Thank you so much. See you again in January at ScienceOnline2010!
==========================
See the 2008 interview series and 2009 series for more.

Tatjana in NYTimes!

If you are a regular reader of this blog, you know Tatjana Jovanovic-Grove. Or you can remind yourself by checking this, this, this, this and this.
If you came to ScienceOnline09 (or followed virtually) you will remember that she co-moderated two sessions there: Open Access in the networked world: experience of developing and transition countries and How to paint your own blog images .
Well, today, Tatjana is in New York Times! I hear from those who get the papers in hardcopy, that the article starts on the front page, but the part with the interview with Tatjana and her husband Doug is on the third page of the online version of the article. I wish the theme of the piece was happier….but who knows, perhaps appearance in the Old Media (especially if the link is spread virally via New Media) may bring in a job!
What is really nice is that the online version of the article links to Tatjana’s Etsy store, so perhaps she’ll get some business that way!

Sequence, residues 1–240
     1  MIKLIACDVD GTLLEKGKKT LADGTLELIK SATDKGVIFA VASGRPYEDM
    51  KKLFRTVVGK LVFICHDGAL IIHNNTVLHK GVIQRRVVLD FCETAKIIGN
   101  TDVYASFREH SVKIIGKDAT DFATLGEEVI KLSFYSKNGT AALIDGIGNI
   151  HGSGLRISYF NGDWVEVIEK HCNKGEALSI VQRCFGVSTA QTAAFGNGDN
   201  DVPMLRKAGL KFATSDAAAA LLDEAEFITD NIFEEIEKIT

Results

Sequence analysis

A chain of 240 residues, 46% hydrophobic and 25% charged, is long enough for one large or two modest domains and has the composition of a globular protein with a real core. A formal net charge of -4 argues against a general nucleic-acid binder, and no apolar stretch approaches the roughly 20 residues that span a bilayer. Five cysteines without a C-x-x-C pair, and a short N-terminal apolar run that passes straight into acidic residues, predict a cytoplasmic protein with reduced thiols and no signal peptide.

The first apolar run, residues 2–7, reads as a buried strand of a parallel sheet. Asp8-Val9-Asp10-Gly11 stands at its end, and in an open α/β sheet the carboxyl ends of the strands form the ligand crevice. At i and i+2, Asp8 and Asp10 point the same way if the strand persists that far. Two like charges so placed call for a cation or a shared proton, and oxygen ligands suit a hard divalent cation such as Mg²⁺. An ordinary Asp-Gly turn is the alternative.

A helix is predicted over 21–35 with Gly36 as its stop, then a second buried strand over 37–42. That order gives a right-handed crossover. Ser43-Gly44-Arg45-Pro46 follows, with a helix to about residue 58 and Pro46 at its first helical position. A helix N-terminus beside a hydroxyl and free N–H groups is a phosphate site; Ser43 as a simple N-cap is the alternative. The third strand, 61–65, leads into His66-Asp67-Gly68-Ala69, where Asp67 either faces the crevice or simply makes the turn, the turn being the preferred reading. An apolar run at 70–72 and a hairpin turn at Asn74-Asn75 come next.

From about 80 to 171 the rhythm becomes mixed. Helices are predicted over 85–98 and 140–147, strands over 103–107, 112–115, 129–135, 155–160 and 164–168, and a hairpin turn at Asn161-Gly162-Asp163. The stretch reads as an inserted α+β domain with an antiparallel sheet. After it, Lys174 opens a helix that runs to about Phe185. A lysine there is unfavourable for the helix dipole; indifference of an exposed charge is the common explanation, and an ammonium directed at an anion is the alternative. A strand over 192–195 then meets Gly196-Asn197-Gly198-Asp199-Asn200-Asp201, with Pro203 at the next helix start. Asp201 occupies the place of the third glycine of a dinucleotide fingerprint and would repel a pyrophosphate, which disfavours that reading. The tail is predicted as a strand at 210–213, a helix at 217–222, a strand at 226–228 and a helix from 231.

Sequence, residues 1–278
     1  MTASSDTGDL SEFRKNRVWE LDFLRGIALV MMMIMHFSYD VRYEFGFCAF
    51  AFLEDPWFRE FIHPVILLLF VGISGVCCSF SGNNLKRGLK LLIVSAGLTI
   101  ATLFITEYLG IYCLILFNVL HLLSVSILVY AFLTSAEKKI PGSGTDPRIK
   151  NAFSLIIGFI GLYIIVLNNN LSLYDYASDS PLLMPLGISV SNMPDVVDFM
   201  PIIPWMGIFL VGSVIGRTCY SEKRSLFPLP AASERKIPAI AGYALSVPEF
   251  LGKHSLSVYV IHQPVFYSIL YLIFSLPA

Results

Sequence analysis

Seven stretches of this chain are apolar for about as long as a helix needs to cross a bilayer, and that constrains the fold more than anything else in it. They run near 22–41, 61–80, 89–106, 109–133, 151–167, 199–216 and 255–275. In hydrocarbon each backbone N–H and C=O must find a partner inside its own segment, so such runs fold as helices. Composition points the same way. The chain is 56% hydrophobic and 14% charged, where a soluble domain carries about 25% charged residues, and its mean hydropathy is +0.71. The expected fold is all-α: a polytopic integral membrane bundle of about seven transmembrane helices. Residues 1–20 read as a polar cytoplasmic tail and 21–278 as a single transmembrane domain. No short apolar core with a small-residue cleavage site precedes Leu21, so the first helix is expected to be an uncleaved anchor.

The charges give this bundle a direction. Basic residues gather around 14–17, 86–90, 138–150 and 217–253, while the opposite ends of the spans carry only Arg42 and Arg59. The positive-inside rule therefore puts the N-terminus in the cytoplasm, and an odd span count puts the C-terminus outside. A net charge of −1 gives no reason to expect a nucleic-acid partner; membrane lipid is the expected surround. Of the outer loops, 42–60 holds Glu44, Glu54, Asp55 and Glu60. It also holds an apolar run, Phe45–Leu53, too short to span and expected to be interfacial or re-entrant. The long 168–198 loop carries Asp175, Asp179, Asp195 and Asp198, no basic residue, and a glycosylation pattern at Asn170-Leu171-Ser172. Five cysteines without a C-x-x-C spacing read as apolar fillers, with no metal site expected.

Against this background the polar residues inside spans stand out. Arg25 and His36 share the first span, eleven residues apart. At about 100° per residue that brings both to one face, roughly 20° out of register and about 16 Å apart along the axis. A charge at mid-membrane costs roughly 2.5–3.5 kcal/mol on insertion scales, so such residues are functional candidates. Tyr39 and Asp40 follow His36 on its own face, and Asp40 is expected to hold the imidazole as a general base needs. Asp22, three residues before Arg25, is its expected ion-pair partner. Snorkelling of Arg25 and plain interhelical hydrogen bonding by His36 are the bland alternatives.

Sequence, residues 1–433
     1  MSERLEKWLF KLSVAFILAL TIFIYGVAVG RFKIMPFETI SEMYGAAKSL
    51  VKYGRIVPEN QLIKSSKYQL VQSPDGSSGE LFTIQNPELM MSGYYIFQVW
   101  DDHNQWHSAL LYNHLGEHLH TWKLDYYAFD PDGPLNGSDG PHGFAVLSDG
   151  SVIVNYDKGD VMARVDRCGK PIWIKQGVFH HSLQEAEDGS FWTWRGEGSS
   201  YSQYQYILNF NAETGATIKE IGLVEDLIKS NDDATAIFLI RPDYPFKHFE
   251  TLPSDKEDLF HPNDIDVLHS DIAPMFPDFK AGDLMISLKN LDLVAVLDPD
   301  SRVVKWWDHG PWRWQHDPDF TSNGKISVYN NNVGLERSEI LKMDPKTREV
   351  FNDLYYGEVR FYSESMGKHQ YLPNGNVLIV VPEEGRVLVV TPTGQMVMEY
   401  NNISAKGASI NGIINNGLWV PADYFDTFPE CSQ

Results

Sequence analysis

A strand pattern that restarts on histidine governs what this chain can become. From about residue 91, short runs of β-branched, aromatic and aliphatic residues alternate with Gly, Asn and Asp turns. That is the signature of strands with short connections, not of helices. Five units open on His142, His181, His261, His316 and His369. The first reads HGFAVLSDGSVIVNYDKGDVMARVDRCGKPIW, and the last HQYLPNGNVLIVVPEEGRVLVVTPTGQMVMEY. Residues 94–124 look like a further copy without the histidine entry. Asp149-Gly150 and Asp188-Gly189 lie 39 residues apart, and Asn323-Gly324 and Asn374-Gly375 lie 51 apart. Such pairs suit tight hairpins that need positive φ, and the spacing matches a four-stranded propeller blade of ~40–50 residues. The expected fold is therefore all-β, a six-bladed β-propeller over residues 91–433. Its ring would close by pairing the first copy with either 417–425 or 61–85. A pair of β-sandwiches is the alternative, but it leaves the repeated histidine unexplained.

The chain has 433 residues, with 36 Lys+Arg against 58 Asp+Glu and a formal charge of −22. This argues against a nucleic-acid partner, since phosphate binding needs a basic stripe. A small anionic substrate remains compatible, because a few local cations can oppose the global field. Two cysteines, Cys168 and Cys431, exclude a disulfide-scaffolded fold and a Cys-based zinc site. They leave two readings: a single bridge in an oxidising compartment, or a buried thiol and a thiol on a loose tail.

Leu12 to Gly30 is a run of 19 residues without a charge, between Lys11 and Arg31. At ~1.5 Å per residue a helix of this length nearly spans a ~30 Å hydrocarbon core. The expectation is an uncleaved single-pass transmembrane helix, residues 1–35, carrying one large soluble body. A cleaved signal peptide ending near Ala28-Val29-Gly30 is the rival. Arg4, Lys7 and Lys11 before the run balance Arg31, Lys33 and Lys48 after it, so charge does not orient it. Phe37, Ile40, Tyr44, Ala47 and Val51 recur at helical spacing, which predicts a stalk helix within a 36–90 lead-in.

ScienceOnline’09 – interview with John Wilbanks

The series of interviews with some of the participants of the 2008 Science Blogging Conference was quite popular, so I decided to do the same thing again this year, posting interviews with some of the people who attended ScienceOnline’09 back in January.
Today, I asked John Wilbanks from the Common Knowledge blog to answer a few questions.
Welcome to A Blog Around The Clock. Would you, please, tell my readers a little bit more about yourself? Who are you? What is your (scientific) background?
I’m John Wilbanks.
Wilbanks pic.jpgI abandoned a biology degree about six months into my university education, in favor of philosophy and languages. I’ve got some informal experience in molecular biology and genetics. I floundered into bioinformatics by accident about ten years ago. Turns out that the philosophy work in epistemology and semantics has at least some utility in the computer world.
What do you want to do/be when (and if ever) you grow up?
I’d love to be a professor, but I’d probably have to go get more letters after my name to make that happen.
What is your Real Life job?
I am the VP for Science at Creative Commons. As part of that, I direct the Science Commons project at CC.
What aspect of science communication and/or particular use of the Web in science interests you the most?
This question has forced me to write an entire blog post devoted to it. I’ll be posting it later today, hopefully. Edit: Here it is!
How does (if it does) blogging figure in your work? How about social networks, e.g., Twitter, FriendFeed and Facebook?
I blog intermittently, and I get some responses from it. I think I’m too intermittent and too verbose when I post for it to be a real conversation. But it’s been a constant surprise to realize that people actually read it.